Posted at 10:22 AM on May 29, 2008
by Chris Dall
With a little more than a quarter of the season done, now's usually the time when the front offices and fans of struggling, underperforming, and just plain bad teams start looking for a fall guy. And though they can't hit for the hitters and can't pitch for the pitchers, and sometimes are hamstrung by personnel decisions made from above, that fall guy is usually the manager. Here are a few guys who are starting to feel the heat.
Willie Randolph, New York Mets: Randolph's job appears to be safe for the moment, but it's been a rough few weeks. After overseeing the historic collapse of 2007, Randolph has led his team to a 25-26 start, and questions have grown about his in-game management skills and his overall demeanor. While it hasn't all been his fault, Randolph seems unable or unwilling to motivate his players, and he made things worse when he told a reporter last week that he didn't like the way the Mets network cameras portrayed him in the dugout, and suggested that criticism of him was racially motivated. Not smart. He'll most likely make it through the season, but if the $140 million Mets don't make the playoffs, he's gone.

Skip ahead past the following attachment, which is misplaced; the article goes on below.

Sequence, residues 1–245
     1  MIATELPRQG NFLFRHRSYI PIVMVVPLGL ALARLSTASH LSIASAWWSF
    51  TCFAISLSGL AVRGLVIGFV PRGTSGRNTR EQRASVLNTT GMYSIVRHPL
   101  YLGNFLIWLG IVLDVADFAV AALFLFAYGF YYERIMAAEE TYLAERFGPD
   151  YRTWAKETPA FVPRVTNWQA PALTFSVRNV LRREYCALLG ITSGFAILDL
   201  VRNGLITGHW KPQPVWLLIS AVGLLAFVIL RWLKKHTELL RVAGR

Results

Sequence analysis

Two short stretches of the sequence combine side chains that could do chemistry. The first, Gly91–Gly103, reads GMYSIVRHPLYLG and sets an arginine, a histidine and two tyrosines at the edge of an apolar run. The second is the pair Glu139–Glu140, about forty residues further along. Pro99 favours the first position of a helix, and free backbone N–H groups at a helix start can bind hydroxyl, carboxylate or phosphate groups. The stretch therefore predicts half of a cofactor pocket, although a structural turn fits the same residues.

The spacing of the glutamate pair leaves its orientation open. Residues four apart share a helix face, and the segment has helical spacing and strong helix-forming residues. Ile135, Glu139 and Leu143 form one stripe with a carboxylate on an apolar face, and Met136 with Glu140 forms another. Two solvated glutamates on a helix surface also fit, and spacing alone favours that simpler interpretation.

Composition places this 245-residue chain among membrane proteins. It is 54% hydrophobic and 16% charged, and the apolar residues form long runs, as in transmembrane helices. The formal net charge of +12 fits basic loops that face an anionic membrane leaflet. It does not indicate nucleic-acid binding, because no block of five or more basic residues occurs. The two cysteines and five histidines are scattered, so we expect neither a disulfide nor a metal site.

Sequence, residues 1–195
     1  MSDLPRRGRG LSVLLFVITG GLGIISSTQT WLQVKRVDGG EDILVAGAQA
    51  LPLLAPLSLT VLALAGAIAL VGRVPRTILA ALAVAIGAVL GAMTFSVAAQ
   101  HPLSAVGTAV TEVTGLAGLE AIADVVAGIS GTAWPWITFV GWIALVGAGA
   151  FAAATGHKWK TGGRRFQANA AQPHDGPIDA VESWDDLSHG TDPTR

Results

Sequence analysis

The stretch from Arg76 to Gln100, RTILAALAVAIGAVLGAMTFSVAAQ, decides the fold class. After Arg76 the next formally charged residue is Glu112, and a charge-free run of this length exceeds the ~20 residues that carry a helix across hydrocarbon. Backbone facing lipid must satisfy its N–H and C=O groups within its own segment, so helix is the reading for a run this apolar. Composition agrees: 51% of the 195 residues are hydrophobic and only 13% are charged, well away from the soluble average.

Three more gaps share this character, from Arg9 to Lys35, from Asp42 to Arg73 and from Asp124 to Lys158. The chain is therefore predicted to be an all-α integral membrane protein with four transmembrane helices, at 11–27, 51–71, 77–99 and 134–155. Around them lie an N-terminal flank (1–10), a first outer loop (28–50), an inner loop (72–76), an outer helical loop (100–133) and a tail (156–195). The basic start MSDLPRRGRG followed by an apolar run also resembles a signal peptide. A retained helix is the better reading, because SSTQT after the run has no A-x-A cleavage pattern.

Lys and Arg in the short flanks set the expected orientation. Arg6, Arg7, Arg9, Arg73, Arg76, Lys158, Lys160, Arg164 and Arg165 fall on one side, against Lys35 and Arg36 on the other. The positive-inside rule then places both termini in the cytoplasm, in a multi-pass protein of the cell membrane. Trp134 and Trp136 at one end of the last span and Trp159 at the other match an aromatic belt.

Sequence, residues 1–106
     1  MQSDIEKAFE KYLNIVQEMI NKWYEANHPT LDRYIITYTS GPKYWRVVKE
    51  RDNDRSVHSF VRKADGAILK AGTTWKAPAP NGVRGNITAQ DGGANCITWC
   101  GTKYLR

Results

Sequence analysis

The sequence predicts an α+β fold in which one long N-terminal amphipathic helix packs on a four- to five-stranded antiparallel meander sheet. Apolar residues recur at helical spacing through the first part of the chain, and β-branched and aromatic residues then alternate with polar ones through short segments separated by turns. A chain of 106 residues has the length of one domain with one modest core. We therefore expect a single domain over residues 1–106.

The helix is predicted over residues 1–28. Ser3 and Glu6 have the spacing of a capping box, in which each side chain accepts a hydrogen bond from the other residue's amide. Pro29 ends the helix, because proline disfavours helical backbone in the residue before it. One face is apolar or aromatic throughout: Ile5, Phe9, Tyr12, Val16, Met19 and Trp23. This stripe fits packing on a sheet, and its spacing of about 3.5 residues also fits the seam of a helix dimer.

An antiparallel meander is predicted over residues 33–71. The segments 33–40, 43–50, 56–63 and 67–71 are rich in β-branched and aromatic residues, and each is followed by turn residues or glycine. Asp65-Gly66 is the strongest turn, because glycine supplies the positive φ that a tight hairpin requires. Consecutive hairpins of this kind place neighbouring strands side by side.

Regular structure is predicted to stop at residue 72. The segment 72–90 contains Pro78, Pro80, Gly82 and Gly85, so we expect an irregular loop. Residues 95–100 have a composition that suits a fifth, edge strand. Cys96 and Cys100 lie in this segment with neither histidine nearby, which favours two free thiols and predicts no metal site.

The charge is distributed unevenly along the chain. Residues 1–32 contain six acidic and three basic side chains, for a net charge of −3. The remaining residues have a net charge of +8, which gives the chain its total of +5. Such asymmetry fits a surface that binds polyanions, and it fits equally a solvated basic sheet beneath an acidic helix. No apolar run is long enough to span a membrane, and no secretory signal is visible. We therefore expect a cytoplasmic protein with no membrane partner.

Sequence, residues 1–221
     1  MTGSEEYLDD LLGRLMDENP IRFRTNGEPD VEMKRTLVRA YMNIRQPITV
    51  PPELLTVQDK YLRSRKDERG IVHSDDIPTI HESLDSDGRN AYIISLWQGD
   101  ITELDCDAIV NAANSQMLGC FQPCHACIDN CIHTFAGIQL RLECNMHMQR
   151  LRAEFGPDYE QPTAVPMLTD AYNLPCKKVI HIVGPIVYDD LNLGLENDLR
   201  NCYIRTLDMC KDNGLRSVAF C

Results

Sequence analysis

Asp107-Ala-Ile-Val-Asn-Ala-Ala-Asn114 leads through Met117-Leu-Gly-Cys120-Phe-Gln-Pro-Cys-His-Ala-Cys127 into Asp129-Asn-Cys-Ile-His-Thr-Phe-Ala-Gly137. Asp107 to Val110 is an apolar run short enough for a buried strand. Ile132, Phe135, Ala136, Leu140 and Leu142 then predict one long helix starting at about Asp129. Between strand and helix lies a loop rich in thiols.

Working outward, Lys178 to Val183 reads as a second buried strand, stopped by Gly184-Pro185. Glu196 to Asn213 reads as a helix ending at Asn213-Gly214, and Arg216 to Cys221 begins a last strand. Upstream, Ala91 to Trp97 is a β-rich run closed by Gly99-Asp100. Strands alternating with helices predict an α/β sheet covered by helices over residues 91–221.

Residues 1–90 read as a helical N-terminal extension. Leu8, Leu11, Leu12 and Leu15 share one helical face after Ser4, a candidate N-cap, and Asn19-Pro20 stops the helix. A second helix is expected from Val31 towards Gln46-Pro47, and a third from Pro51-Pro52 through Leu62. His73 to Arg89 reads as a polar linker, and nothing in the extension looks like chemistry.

Ned Yost, Milwaukee Brewers: Like New York, Milwaukee went into the season with high expectations and have not met them. It hasn't helped that much of the team isn't hitting (Prince Fielder has only 6 home runs) and that closer Eric Gagne has been awful, but don't tell that to Brewers' fans. And like Mets fans, some fans of the Crew are placing the blame for the lack of fire among the players squarely on the manager.
Bud Black, San Diego Padres: Black is only in his second season as manager, so he'll probably make it through the season, but a 20-34 start after just missing the playoffs last year isn't sitting well with Padres GM Kevin Towers. The big problem with this team? A .238 team batting average, second-to-last in the National League.
Jim Leyland, Detroit Tigers: I don't really see the Tigers firing old man Leyland, mostly out of respect for him. But Detroit has to be the most disappointing team in baseball so far. The hitters have started to hit after a slow start, but the pitching has been awful. Leyland must be up to two packs a day by now.